And so it should be with your medical decisions that you make about what to put into your own body. Don’t just trust a single person; instead, gather information from multiple sources so that you can make an informed decision. It is true that we should not play doctor ourselves, nor should we ignore the advice of our physician. Having said that, you are still ultimately responsible for what substances you put into your body, and second of all, you can tap into a wealth of knowledge by doing your own research online.
This is especially true when it comes to medicating pain or anxiety. These are the two biggest threats to your sobriety when it comes to prescribed medication. And there are almost always alternatives to taking Xanax or Vicodin other other addictive substances that could threaten your sobriety and your very life itself.
For example, if you have anxiety and your doctor recommends Xanax, you might tell him that you want to explore your options a bit first. You know that taking Xanax could lead to a full blown relapse and the loss of everything that is important to you. So here are some suggestions:
1) Ask the doctor is there are alternative medications that are not addictive (such as Buspar, Paxil, etc.) that might be able to treat your anxiety.
2) Ask at AA or NA meetings how people there have dealt with their anxiety. Listen to suggestions and actually take advice.
3) Start exercising daily along with breathing exercises and meditation. If you ask for honest feedback from others these will both get suggested to you at some point.
4) Seek out other medical professionals who have more experience in dealing with addiction and anxiety. Get advice and feedback from others.
The point is that you don’t just talk to one single doctor and say “Well, he wants me to take this addictive substance, so I better listen to him.” That is crazy. That one single doctor could be completely clueless about addiction. You need to gather information, use all your available resources, and then make an informed decision.
Now there are actually times when a recovering addict has to ingest addictive substances, such as is the case with extreme physical pain. In such cases, my number one suggestion to you would be that you do all of the above and seek alternatives first, but barring those solutions, if you must take an addictive substance, do not self administer it.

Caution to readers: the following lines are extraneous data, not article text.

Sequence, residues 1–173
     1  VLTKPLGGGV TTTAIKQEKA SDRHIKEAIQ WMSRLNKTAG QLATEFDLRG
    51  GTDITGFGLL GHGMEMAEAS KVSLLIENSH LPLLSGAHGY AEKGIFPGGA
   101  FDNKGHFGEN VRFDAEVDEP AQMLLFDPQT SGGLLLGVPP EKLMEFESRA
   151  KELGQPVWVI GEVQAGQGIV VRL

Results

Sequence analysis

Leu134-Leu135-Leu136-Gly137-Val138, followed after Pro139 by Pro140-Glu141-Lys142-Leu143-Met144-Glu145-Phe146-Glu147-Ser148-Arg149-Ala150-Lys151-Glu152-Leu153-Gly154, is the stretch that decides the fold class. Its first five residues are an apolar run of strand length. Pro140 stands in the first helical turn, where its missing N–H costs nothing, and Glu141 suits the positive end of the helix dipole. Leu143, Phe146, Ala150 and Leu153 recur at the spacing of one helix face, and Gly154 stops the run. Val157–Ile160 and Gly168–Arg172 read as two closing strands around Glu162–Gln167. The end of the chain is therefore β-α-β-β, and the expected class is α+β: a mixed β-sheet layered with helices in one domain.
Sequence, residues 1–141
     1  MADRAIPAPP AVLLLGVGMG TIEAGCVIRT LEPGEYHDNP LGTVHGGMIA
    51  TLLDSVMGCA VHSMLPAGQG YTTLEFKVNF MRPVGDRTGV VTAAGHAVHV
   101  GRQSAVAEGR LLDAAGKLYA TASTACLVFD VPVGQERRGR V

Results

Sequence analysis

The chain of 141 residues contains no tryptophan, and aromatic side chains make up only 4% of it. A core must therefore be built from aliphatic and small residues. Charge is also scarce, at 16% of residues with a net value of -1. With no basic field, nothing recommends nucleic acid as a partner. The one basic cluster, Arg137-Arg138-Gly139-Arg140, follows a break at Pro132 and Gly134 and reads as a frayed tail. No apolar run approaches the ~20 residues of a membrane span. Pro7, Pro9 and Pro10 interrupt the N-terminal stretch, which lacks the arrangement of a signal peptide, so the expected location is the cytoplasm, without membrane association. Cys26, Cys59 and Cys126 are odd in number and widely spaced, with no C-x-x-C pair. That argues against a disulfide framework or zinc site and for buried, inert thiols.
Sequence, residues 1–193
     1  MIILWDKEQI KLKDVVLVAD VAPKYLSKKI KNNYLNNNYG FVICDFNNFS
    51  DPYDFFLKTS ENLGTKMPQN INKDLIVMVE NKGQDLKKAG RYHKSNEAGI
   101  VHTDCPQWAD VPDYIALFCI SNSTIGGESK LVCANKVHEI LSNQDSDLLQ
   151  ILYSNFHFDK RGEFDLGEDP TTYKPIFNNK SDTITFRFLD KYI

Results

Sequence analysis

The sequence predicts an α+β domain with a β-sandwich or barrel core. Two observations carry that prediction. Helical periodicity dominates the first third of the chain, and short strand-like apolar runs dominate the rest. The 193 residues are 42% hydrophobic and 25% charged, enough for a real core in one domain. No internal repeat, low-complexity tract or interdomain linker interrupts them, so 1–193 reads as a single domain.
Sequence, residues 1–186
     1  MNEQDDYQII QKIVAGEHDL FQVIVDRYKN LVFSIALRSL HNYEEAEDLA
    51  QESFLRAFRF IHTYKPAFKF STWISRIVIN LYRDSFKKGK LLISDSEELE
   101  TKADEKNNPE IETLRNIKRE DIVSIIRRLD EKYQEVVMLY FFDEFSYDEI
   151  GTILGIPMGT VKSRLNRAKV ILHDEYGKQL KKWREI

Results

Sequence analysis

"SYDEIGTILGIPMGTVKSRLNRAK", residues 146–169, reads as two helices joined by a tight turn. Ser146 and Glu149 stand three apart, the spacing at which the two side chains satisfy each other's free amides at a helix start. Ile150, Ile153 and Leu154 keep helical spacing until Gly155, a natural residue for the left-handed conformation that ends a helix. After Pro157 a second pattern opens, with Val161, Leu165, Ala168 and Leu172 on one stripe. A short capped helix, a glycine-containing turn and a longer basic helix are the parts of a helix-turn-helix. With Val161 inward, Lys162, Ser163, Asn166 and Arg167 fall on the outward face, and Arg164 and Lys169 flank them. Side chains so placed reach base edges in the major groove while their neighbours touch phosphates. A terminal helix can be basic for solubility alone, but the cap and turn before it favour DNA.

In other words, ask a trusted family member to help you. Medication comes with instructions, and the biggest problem comes when the addict in question fails to follow those dosing instructions by taking more than is prescribed. So have a family member keep the medication locked up for you, and distribute them to you only as prescribed. If the bottle says “every 4 hours” then the family member would follow those instructions down to the letter, never giving you more than is allowed. They would also make sure you swallow any pills so that you can not stash them for later and double up a future dose.
Obviously this is not the ideal scenario, and we would prefer to eliminate the addictive substance altogether. But sometimes this is the best we can do, and you have to ask for help and rely on people that you trust in order to keep yourself in check.
The bottom line is that you need to be careful, and you need to be very cautious of blindly trusting any one individual in this world, even if that person is a medical expert. Sometimes medical experts are not experts when it comes to addiction, and therefore we need to stay vigilant and be in charge of our own recovery efforts.